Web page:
New data from two Polish cities show further declines in the proportion of students attending Catholic catechism classes in schools, which are optional but which the majority of children in Poland attend.
In Łódż, Poland’s fourth largest city, 32,178 students out of 63,740 now attend classes, known as religion (religion) in Polish, according to data presented by Deputy Mayor Małgorzata Moskwa-Wodnicka.
That’s almost exactly 50%, marking a drop from 56% the previous school year. In post-primary schools for older students, only about 21% attend school.
“Already last year we noticed a drastic drop… mainly in high schools, but now the trend is also changing in primary schools,” Moskwa-Wodnicka said.
Meanwhile, in Częstochowa – a town famous for being home to Poland’s holiest Catholic shrine, the Black Madonna – this year only 54% of secondary school students (7,272 out of 14,475) attend religion. Those numbers are about 8% lower than last year and 15% lower than two years ago, according to the city’s education department.
Department head Rafał Piotrowski believes the decline may be partly a political statement by students. “The majority of them can’t vote yet, so it’s a way for them to express their view of the world and their opinion on what’s going on around them,” Piotrowski said. Gazeta Wyborcza.
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Częstochowa Archdiocese spokesman Mariusz Bakalarz says scheduling religion classes as the first or last lesson of the day can discourage students from attending. But he also admits that the secularization of Polish society as well as “scandals concerning Church people” are not “without influence” on attendance.
In Łódź, Moskwa-Wodnicka says they “can only speculate” about the cause, but think “it stems from the general vision of the church.”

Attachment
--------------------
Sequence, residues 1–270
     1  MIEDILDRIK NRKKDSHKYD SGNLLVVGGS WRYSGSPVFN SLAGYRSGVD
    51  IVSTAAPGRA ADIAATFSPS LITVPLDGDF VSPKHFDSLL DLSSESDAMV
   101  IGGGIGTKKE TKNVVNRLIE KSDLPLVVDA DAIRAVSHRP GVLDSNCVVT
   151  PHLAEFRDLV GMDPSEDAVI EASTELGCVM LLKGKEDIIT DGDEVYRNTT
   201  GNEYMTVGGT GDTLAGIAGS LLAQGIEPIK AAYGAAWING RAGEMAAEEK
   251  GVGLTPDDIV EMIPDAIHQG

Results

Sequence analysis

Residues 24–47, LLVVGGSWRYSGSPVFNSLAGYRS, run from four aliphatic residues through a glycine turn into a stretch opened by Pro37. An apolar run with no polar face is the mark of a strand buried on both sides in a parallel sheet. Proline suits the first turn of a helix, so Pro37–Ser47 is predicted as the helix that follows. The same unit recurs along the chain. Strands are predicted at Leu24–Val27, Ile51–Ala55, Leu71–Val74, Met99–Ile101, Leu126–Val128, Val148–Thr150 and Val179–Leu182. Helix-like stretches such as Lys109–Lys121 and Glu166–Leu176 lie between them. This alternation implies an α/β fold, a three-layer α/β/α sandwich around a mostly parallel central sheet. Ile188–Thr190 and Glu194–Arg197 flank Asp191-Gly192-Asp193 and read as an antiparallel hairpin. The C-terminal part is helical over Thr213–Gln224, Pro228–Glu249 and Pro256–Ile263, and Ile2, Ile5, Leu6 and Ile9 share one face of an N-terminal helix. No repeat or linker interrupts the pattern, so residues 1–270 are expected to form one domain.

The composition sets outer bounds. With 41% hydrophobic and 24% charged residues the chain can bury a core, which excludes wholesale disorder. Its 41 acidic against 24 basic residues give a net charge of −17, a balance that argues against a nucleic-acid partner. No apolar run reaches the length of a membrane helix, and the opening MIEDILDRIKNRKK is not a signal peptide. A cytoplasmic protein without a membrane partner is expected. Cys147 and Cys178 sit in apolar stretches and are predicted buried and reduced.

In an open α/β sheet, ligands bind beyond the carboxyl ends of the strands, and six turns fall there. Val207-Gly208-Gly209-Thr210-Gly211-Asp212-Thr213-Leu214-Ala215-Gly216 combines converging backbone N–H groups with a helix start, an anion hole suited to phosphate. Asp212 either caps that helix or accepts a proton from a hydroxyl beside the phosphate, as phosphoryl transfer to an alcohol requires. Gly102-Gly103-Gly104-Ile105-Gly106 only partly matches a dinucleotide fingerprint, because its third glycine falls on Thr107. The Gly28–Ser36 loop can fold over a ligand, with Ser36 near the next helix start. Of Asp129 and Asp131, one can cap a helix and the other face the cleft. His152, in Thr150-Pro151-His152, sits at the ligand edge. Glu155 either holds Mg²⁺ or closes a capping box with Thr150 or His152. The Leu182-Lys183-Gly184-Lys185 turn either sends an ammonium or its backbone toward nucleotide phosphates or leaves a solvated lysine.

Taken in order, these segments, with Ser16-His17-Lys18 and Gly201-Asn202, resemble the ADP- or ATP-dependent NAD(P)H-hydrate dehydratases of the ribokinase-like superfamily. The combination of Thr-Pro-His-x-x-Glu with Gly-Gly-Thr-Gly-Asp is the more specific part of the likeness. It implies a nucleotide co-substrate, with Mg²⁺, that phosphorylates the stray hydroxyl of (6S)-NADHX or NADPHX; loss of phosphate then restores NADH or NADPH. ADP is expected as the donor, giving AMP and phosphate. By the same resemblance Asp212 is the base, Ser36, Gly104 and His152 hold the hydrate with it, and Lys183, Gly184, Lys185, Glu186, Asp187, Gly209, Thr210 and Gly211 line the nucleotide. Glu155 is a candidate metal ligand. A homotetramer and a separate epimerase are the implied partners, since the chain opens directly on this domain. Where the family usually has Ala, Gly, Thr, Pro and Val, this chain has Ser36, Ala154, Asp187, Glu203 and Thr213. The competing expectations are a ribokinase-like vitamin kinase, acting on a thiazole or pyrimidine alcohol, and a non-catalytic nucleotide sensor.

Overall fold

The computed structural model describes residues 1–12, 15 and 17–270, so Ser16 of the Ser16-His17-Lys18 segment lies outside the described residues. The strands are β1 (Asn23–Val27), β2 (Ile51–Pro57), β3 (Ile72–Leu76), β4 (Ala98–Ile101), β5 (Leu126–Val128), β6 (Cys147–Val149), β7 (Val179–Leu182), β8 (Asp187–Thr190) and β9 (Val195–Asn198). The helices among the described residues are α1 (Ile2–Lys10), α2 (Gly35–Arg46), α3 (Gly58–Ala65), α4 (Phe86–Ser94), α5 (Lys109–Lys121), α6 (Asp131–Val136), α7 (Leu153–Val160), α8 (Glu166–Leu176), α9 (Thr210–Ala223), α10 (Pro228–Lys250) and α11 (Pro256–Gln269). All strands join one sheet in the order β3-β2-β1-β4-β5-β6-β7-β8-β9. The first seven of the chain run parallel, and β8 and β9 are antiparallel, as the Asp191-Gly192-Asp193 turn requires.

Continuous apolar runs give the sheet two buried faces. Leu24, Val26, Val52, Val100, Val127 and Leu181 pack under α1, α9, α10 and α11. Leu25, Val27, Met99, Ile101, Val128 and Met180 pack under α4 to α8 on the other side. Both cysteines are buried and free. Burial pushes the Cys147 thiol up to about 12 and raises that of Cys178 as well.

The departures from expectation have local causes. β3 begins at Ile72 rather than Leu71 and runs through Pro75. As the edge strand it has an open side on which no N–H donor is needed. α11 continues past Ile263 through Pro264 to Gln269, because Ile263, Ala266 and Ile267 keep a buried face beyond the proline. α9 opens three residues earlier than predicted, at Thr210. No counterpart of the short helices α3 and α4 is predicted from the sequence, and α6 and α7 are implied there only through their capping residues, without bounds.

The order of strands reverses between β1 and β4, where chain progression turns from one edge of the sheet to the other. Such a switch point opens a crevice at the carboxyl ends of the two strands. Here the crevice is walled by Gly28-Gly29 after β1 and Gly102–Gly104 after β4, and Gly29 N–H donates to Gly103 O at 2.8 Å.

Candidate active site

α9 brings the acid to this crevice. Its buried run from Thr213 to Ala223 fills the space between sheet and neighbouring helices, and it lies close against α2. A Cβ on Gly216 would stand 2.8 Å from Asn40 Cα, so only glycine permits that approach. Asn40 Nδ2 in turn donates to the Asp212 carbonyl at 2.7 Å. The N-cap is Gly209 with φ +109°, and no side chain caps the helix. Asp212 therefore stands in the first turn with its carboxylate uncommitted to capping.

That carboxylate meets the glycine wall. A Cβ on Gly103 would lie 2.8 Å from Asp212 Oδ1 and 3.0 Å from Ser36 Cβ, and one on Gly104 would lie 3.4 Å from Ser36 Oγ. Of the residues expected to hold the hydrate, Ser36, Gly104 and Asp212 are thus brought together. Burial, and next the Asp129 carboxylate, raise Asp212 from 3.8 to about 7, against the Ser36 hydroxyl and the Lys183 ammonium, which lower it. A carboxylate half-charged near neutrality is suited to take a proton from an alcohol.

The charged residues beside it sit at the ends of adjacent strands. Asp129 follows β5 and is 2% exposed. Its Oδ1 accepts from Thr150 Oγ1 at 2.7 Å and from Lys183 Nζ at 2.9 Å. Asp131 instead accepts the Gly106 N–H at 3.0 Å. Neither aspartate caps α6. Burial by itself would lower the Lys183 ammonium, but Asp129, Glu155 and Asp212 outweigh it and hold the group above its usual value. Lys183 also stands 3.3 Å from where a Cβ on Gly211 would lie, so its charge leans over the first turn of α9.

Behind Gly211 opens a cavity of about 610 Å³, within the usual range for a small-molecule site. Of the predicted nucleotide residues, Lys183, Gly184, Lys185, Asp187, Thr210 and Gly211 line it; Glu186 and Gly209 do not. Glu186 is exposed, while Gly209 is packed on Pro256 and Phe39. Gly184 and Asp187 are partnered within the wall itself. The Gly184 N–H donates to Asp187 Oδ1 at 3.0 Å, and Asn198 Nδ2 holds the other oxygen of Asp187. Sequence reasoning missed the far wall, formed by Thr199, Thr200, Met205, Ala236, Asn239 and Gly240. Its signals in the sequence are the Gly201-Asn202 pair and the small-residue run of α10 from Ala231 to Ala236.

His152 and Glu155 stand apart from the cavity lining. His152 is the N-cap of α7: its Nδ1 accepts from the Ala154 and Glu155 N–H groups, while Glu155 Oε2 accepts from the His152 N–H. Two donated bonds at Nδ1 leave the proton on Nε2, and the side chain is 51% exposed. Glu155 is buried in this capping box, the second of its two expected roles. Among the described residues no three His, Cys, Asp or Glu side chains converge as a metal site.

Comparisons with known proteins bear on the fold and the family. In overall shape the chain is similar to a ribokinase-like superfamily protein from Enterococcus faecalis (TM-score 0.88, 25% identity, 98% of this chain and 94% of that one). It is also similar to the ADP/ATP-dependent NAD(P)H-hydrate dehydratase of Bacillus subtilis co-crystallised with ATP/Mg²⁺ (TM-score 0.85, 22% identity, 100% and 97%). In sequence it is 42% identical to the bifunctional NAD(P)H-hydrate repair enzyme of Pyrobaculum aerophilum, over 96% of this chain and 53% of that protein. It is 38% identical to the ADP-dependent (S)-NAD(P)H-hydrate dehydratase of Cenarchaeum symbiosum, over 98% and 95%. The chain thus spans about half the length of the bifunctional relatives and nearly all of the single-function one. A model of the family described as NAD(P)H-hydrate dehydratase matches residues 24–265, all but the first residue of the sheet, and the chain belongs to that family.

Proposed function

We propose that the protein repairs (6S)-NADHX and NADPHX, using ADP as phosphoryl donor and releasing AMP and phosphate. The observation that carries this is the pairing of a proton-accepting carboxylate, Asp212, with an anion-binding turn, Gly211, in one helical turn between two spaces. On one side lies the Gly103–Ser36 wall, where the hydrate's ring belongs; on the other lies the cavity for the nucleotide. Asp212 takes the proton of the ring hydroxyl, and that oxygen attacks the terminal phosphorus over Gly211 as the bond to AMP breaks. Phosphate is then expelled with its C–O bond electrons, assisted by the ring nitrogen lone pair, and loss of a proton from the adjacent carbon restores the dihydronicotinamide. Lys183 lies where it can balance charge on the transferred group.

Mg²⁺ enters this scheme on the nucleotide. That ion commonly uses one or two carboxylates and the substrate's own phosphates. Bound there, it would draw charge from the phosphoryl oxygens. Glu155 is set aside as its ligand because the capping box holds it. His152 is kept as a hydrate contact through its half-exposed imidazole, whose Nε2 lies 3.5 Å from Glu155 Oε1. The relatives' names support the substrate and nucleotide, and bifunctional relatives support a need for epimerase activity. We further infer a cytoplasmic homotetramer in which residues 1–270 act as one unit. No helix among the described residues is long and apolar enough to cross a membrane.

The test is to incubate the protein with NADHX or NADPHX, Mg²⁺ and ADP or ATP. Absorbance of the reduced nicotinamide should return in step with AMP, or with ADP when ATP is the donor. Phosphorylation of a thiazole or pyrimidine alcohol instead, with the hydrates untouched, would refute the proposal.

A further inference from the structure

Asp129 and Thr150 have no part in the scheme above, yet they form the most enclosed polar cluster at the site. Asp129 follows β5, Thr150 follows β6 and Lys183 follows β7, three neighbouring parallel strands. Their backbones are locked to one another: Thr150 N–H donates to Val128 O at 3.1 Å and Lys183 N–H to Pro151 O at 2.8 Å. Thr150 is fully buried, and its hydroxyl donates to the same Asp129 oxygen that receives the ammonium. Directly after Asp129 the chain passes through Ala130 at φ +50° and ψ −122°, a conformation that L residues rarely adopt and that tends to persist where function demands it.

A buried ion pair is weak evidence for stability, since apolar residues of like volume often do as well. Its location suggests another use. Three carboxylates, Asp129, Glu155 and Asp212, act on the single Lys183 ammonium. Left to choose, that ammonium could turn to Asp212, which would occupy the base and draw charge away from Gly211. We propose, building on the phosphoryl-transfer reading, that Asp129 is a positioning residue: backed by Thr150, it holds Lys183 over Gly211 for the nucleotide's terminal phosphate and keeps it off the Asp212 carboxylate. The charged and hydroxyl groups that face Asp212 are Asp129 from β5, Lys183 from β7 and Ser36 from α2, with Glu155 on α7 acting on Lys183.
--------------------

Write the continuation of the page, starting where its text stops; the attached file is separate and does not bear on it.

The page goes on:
A decline in the proportion of students taking religious classes has been visible for some time in Poland, especially in large cities.
The trend appears to have been accelerated by mass protests against a near-total and unpopular church-backed abortion ban, as well as a growing number of child abuse scandals by clerics.
Half of Polish city’s high school students withdraw from Catholic catechism classes
Polls show that Poles – especially young people – are becoming more liberal in their views and more critical of the Church, which the Catholic hierarchy itself has acknowledged.
A report released last year by CBOS, Poland’s state research agency, found that less than 25% of young Poles regularly practice a religion, compared to the early 1990s that figure was nearly 70%.
“A very strong reassessment is taking place in the younger generation,” said one of the highest church figures in the country, Archbishop Wojciech Polak, Primate of Poland, commenting on the findings of the study.
Under regulations introduced in the 1990s, Polish public schools are required to hold religious lessons at the request of parents of pupils or pupils over the age of 18. While classes are funded and organized by schools, curricula and teachers are decided by the Catholic Church.
‘Devastating’ decline in religious practice among young Poles, says Catholic primate
Main image: Jakub Orzechowski / Agencja Wyborcza.pl
Agnieszka Wądołowska is deputy editor of Notes from Poland. She previously worked for Gazeta.pl and Tokfm.pl and contributed to Gazeta Wyborcza, Wysoki Obcasy, Format Duży, Midrasz and liberal culture